What is Lean?

What is Lean?

Lean is a way of thinking about creating needed value with fewer resources and less waste [ Lean Enterprise Institute]

What Are the 5 Principles of Lean?

  1. Precisely specify value by product.
  2. Identify the Value Stream for each product
  3. Make value flow without interruption
  4. Let the customer pull value from the producer
  5. Pursue Perfection

Precisely Specify Value By Product

A very simple question yet likely to start an existential crisis in many enterprises: do we know what the products or services we offer are?

In the Rock Crusher, the product is represented by the Rock Crusher Solution.

Without a shared clear understanding of the product, we will not have a good criteria for judging the value of Rocks. In our blog post “What did 50 Business Analysts Say Were Their Biggest Challenges with Blacklog Management” a common theme was no clear priority which implies there was a lack of clarity for what the product is, and how the product creates value. This is why the second step of the Rock Crusher Canvas is “Choose a value stream”. Of course to choose a value stream you have to know what your products and value streams are.

Identify the Value Stream for each Product

Even if you know what your product is, do you know how you make it? Once again, this is a question that can trigger yet another existential crisis within an enterprise. A value stream is

All of the actions, both value-creating and nonvalue-creating, required to bring a product from concept to launch (also known as the development value stream) and from order to delivery (also known as the operational value stream). These include actions to process information from the customer and actions to transform the product on its way to the customer.

Lean Enterprise Institute – Value Stream

A value stream is a powerful tool for understanding how we get things done, and for improving how we get things done. A value stream has a triggering event, a series value add steps that lead to delivery of value to a customer (our product or service). One key metric is the lead time from the trigger event (e.g. “I want…”) until value exchange. After all the whole point of Lean is getting economic value from shortening the lead time.

The simplicity of the value stream betrays its relevance and importance as a tool for succeeding in the age of software. As Karen Martin and Mike Osterling wrote:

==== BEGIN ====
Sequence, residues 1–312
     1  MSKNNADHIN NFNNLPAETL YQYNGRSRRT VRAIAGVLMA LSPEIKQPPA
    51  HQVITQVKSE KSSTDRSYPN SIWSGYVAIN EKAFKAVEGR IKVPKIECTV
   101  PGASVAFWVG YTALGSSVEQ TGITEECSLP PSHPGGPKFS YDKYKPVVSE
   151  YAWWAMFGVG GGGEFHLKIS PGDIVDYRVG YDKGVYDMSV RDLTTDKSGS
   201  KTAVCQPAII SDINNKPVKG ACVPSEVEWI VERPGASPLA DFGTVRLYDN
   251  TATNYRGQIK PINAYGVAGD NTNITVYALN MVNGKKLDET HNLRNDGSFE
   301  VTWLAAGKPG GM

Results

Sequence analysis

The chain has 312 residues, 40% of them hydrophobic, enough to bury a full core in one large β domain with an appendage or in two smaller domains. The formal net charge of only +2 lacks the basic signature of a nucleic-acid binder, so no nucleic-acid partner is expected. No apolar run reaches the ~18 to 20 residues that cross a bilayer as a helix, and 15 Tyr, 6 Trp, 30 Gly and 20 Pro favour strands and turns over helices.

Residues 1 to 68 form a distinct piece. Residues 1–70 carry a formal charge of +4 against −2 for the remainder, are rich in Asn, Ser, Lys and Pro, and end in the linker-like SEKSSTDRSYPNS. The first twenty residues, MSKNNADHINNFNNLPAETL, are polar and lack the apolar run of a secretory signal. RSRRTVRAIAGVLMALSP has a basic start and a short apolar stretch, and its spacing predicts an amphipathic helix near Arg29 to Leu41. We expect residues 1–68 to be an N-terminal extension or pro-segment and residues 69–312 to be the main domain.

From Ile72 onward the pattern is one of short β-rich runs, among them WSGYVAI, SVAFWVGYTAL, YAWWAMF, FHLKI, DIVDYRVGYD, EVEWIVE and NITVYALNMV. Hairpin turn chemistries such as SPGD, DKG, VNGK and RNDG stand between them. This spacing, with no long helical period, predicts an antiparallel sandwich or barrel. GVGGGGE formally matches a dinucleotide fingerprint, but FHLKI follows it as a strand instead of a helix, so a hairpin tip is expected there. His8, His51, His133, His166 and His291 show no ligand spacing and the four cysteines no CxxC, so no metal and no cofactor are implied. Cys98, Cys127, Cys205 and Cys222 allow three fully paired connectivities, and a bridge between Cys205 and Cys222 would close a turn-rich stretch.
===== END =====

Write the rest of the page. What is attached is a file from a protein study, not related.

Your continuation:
if you can’t describe what youre doing as a value streamyou don’t know what youre doing

Karen Martin, Mike Osterling, Value Stream Mapping

For the Rock Crusher to be truly effective in an enterprise it is necessary to align the Rock Crusher with your value stream. Otherwise all it will do is create an illusion of success.

Make Value Flow Without Interruption

In the Lean world, flow is almost the equivalent of the search for the Holy Grail. Lean is about removing delay creating waste:

Producing and moving one item at a time (or a small and consistent batch of items) through a series of processing steps as continuously as possible, with each step making just what is requested by the next step.

Lean Enterprise Institute

Al Shalloway remaked about waste will manifest as a delay. A significant source of delay are stage gates and coordination delays. Our beloved backlog may actually be a significant source of delay because in reality it encourages over product and inventory which are two significant Lean wastes. The purpose of the Rock Crusher is to make us aware of the need for Lean thinking through the whole product development value stream. Not just the coding steps.

Let the Customer Pull Value From the Producer

The long lead time and lack of feedback in product development has lead to a “spray and pray” approach to product management. Product Managers ask their tech teams to create as many features as they imagine may be useful because they do not have actionable data to tell them what features customers actually desire. This is an example of where Product managers are “pushing” features based on what they think their customers need.

When we short lead times, not just for coding, but for the entire product development stream, then we can adopt a classic Lean Startup Build-Measure-Learn cycle to discover what the customer really wants. This is what happened when Toyota merged its Motor Sales and Motor Manufacturing companies and reduce the lead time for delivering a car from 30 days to 6 days. They were able to go from selling whatever was on the lot, to selling what the customer actually wanted. The result is they were able to command higher margins on their products [An Overlooked Lesson From Toyota].

Pursue Perfection

A perfect lead time is zero. While we will never achieve that we can always seek out ways to reduce the lead time from trigger to delivery.